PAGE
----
▪ Medieval women were not without authority in the familial and economic spheres even if there was no place for them in public politics.
military
▪ Justus Lipsius was the classical scholar who introduced him into the military sphere.
▪ These norms are rendered specific to the military sphere.
other
▪ In other spheres the results of the Poltava survey were closely reminiscent of the Nikol'skaia findings.
▪ Self-reliance was also promoted in other economic spheres, albeit modestly.
▪ He clearly favours a state which involves itself essentially through monetary transaction rather than direct intervention in other more qualitative spheres of life.
▪ In every other sphere of historical enquiry, new material is acknowledged.
▪ Each sphere is thus in contact with eight other spheres.
▪ Trade interested him now, as other intelligence spheres had done in harder days.
▪ In other spheres attempts to increase productivity had been blocked.
▪ For, as in other spheres, the contribution of amateurs is often at least as significant and valuable as that of professionals.
political
▪ He drew attention to the difference between exchanges in the market and in the political sphere.
▪ This is the only way in which a strategy for the political sphere can be developed.
▪ In so doing I depart somewhat from studies of working-class involvement in the formal political sphere during the twentieth century.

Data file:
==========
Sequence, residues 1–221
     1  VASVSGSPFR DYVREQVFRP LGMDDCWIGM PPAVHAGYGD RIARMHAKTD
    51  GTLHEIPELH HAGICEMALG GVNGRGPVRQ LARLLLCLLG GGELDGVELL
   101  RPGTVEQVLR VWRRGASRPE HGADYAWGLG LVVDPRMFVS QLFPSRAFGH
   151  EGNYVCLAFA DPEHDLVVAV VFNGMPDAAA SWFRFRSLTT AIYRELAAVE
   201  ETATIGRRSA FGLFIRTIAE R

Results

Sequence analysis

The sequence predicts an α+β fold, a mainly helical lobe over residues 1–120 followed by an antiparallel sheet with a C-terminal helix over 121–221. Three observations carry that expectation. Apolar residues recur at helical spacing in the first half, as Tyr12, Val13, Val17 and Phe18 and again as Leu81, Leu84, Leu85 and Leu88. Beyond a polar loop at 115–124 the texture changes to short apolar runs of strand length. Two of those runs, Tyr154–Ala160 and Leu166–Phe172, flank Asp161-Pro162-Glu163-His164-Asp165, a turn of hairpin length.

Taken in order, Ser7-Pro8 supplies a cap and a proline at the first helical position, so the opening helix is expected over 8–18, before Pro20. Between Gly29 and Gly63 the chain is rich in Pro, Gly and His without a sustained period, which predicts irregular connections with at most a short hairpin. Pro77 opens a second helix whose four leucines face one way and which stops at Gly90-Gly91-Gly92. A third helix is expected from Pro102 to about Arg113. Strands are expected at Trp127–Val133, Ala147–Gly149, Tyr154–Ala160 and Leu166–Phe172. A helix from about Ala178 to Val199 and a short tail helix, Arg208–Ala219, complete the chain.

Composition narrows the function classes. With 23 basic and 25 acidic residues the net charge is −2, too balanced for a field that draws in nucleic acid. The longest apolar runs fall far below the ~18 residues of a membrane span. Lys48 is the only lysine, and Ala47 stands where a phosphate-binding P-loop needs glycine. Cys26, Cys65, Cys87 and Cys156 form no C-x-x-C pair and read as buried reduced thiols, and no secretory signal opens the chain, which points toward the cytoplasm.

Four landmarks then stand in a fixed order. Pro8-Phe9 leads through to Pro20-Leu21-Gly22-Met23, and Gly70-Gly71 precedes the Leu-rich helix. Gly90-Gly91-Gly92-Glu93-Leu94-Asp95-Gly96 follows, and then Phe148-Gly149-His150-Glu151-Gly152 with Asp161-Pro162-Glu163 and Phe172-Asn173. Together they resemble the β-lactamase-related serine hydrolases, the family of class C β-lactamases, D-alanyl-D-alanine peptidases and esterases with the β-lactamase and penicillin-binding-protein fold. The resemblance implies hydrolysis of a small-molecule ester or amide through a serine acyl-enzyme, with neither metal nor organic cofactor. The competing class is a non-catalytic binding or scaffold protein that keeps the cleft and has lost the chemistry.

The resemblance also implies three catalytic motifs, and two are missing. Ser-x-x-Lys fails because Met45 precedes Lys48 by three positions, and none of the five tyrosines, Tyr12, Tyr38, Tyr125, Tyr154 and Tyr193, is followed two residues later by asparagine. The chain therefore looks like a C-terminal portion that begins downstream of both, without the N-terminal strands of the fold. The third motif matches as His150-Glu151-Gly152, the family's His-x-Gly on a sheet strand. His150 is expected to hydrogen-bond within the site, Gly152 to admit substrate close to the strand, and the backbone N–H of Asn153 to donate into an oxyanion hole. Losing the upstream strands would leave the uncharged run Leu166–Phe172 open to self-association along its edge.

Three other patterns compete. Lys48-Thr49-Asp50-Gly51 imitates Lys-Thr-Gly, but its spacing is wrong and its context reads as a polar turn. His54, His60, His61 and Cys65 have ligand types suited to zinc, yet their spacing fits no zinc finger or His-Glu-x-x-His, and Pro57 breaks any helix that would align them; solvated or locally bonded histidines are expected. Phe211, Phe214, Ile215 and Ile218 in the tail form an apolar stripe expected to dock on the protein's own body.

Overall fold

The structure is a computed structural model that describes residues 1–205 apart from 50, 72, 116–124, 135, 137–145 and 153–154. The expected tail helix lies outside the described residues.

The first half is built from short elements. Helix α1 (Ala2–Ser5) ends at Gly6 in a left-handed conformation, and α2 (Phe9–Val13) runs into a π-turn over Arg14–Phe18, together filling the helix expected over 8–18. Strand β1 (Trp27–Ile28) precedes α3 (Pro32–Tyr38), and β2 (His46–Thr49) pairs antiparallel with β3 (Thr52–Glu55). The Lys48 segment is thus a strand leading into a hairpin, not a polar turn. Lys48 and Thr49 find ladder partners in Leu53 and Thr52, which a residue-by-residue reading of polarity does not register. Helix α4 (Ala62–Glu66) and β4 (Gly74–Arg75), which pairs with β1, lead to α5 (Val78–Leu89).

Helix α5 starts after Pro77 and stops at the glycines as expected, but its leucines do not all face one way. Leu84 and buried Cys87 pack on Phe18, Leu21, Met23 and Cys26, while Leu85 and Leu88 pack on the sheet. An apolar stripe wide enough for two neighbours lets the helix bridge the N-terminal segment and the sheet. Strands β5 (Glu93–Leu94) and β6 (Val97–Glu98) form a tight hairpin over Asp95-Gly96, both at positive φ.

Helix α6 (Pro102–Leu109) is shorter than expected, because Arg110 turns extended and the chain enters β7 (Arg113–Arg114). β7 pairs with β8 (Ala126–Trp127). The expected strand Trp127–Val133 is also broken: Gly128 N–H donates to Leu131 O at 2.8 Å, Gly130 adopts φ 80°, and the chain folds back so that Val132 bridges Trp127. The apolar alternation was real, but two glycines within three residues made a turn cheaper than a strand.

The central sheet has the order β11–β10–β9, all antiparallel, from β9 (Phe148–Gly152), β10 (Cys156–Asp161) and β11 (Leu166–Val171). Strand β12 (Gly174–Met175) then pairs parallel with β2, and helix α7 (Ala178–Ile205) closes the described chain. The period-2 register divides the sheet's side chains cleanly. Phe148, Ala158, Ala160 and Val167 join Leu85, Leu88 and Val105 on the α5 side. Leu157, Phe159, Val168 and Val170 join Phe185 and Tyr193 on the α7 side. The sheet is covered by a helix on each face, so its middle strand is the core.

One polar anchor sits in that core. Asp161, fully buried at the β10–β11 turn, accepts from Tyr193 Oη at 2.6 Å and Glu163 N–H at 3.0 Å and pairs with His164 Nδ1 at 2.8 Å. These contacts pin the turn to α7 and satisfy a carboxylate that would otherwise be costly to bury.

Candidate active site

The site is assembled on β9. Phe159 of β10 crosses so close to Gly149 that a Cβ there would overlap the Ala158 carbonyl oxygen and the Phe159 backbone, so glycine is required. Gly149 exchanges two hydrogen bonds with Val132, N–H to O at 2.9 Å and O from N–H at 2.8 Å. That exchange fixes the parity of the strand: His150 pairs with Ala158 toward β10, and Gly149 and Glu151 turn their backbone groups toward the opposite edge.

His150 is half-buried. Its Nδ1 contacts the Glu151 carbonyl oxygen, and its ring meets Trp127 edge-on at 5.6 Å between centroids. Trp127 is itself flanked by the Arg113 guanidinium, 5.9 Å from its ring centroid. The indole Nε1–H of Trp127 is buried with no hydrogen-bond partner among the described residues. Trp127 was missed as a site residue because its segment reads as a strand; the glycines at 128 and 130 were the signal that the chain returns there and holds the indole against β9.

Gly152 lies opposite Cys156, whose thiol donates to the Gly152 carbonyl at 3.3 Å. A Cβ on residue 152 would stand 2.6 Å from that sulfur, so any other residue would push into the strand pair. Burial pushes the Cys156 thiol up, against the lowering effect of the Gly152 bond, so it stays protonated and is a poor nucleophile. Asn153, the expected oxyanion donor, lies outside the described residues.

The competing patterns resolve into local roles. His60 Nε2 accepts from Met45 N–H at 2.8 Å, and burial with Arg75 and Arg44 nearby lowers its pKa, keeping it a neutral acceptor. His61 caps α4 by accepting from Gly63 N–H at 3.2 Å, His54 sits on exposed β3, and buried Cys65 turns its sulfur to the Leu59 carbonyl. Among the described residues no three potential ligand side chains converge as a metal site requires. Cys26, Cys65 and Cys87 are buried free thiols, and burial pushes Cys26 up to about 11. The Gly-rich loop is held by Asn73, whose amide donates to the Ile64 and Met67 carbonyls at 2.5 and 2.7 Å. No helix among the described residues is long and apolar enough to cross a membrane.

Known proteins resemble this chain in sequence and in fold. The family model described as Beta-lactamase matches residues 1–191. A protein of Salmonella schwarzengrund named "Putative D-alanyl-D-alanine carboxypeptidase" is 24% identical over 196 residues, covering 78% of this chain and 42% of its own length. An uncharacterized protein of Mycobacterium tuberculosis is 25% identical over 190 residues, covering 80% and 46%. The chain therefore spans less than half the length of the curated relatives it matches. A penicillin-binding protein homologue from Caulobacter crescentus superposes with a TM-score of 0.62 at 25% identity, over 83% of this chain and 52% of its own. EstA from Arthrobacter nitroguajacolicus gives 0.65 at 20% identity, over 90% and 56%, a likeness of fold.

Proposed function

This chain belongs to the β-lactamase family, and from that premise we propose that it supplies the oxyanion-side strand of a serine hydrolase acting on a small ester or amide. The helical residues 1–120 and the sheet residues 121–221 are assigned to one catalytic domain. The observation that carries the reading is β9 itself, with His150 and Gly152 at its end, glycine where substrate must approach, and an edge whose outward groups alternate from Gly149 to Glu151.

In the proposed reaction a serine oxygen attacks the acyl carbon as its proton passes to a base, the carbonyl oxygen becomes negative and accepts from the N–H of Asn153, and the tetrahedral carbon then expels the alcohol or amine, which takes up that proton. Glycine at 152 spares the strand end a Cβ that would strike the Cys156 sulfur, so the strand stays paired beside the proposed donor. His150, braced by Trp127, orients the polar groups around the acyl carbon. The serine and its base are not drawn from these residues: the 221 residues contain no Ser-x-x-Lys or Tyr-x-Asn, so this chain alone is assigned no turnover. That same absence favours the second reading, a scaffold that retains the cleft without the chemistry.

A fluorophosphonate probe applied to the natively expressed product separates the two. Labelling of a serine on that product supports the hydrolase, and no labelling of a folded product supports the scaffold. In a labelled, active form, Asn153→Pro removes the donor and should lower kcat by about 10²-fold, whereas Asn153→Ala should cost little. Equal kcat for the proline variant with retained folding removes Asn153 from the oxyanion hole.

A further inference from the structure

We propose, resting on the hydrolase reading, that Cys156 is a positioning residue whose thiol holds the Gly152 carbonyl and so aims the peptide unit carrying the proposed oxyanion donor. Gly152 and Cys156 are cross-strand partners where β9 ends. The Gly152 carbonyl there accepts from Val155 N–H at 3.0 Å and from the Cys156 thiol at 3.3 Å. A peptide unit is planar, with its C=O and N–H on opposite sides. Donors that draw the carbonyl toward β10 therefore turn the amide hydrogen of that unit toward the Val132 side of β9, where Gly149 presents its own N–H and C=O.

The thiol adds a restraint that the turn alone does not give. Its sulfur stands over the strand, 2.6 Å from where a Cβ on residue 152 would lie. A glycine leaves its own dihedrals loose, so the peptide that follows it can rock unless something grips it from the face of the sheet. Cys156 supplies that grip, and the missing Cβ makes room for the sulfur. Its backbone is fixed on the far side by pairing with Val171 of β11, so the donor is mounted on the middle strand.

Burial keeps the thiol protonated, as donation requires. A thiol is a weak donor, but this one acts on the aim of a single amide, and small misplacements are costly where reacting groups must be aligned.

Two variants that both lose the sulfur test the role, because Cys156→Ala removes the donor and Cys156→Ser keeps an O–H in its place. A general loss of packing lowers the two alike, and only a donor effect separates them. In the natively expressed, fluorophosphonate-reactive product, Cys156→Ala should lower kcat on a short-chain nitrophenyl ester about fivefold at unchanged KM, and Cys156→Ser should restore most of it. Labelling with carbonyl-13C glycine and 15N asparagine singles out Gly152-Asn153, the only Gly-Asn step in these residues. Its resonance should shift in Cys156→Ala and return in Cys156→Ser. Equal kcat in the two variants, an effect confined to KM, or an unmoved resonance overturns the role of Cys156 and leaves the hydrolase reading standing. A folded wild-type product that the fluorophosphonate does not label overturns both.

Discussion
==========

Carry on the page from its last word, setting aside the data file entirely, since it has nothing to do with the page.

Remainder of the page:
▪ The gains to be made in the political sphere are, as Chapter S will show, more ambiguous and contradictory.
▪ Modern bureaucracies had also developed partly as a result of democratic tendencies in the political sphere.
▪ Nevertheless, control does not entail specific effects in the economic, political and cultural-ideological spheres.
▪ New institutions were created in the constitutional, political and economic spheres, and are still being developed.
▪ This orientation to the political sphere conditions internal management organization and culture.
private
▪ Without undervaluing the private sphere itself, we can still say that this arrangement works to the advantage of men.
▪ Women and children were relegated to the private, natural sphere where different rules applied.
▪ Women used their supposedly greater spirituality as a further justification for transcending the confines of the private sphere.
▪ They were seen instead as being naturally subject to their husbands and necessarily confined to the private sphere.
▪ Most socialising had been concentrated within the private domestic sphere with their female kin and children.
▪ For most people, identity derives from the private sphere, not from work and public affairs.
▪ The private sphere becomes the natural home of modern man.
public